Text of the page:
they tend to ignore the warning signs. There is a very good chance that
the current President of the United States and his "cabal" are caught in
this classic description of decline.  (back)

5.  Garraty, John A. 1975. Quarrels that have Shaped the Constitution,
Harper and Row Publishers, New York, p. 12.  (back)

6.  http://www.newamericancentury.org/   Project for the New American
Century (PNAC). Current US foreign policy (including the Iraq war) cannot
be placed in proper context without understanding what PNAC is and who is
behind it.  (back)

7.  BuzzFlash interview with Jim Hightower. August 21, 2003.
http://www.buzzflash.com/interviews/03/08/21_hightower.html  (back)

8.  Palast, Greg. 2003. The Best Democracy Money Can Buy, Plume Books, New
York, p. 111.  (back)

9.  Albright, Madeline, NBC "Today" show, February 19, 1998: "If we have
to use force, it is because we are America! We are the indispensable
nation. We stand tall, and we see further into the future."  (back)

10.  Ortega y Gasset, 1932. Revolt of the Masses, W.W. Norton, New York,
pp. 102-103.  (back)

Richard Macintosh was a Public High School Teacher in California
(1956-1989). Ed.D, Educational Leadership, BYU, 1996. MA, Liberal Studies,
Wesleyan University, 1982. BA, history, Stanford University, 1956...
Macintosh is currently a part-time consultant on Personnel/Team matters in
Washington State. (Added May 1, 2008: Richard died of heart failure in
June 2005. Please see his commemorative Web page on this site.)


--------11 of 12--------

 APOLITICAL INTELLECTUALS

 One Day
 the apolitical intellectuals
 of my country
 will be interrogated
 by the simplest of our people.
 They will be asked what they did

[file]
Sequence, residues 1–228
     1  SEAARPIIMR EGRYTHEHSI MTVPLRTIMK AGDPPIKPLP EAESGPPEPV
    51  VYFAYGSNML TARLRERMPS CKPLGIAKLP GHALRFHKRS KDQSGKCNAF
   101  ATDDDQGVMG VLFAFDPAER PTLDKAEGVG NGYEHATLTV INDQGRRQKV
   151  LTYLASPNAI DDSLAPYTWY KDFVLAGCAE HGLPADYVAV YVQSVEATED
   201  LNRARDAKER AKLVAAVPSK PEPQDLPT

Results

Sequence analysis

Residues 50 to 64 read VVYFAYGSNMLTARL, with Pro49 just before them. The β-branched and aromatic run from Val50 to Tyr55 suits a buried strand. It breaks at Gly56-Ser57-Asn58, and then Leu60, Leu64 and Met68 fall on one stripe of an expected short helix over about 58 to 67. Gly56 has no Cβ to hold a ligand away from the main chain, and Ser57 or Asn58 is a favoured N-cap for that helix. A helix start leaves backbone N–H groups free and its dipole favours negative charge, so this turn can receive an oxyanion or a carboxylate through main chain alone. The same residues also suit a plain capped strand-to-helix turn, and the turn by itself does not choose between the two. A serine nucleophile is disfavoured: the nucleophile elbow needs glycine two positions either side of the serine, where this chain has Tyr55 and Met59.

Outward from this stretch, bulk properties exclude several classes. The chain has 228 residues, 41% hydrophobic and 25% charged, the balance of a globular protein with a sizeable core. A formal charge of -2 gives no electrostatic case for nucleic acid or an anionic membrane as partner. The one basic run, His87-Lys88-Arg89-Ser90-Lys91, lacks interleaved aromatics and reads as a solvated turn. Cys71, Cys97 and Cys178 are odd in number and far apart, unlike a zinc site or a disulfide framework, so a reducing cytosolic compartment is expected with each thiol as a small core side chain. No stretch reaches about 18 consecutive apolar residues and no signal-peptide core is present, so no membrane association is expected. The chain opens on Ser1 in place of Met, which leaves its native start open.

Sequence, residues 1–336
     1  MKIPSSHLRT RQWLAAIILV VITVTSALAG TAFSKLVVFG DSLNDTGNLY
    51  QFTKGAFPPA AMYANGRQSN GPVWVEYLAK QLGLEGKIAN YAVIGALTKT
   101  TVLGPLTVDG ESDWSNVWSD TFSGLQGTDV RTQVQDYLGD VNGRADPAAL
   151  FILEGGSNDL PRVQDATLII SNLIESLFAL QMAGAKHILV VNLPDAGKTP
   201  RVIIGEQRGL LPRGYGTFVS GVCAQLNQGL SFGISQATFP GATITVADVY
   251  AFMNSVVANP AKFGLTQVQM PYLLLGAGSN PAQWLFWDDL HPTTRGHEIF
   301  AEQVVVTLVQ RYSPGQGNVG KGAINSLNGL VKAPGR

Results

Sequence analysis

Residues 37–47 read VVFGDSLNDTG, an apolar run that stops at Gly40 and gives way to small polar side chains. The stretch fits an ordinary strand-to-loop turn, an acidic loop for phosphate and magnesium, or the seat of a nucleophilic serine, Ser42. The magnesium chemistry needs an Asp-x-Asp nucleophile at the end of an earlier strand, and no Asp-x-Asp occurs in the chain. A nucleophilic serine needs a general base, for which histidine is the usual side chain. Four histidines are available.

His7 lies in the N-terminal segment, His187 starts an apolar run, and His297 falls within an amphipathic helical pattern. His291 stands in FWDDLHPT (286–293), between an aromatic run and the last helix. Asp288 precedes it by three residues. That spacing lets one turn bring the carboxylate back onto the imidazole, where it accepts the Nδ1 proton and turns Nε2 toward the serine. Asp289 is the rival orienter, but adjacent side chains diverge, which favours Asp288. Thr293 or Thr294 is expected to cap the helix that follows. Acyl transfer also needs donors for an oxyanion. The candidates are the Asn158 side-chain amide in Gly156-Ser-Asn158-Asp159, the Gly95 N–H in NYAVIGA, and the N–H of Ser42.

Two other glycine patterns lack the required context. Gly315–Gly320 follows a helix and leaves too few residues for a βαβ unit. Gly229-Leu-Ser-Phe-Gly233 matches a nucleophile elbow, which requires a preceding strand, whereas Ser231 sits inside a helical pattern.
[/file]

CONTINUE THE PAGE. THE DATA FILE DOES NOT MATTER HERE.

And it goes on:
when their nation died out
 slowly, like a sweet fire,
 small and alone.

 No one will ask them
 about their dress,
 their long lunch breaks,
 no one will want to know
 about their sterile combats
 with "the idea of the nothing"
 no one will care about
 their higher financial learning.

 They won't be questioned
 on Greek mythology,
 or regarding their self-disgust
 when someone within them
 begins to die
 the coward's death.
 They'll be asked nothing
 about their absurd justifications,
 born in the shadow
 of the total lie.

 On that day
 the simple men will come.
 Those who had no place
 in the books and poems
 of the apolitical intellectuals,
 but daily delivered
 their bread and milk,
 those who mended their clothes,
 those who drove their cars,
 who cared for their dogs and gardens
 and worked for them, and they'll ask:
 "What did you do when the poor
 suffered, when tenderness
 and life burned out in them?"
 Apolitical intellectuals of my sweet country,
 you will not be able to answer.
 A vulture of silence
 will eat your gut.
 Your own misery will pick at your soul.
 And you will be mute in your shame.

--Castillo
Guatemalan poet wrote it in 1965- was tortured and burned to death for
his activities

[From: _American Pictures_ multi-media show pamphlet.]
[Email harelb [at] math.cornell.edu for address or see IGC's "gen.references"]

fw: Lydia Howell <lhowell [at] visi.com>


--------12 of 12--------
bumper snicker


                        ---------------------
                         Vote Lesser Weevil!
                        ---------------------



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   rhymes with clove         Progressive Calendar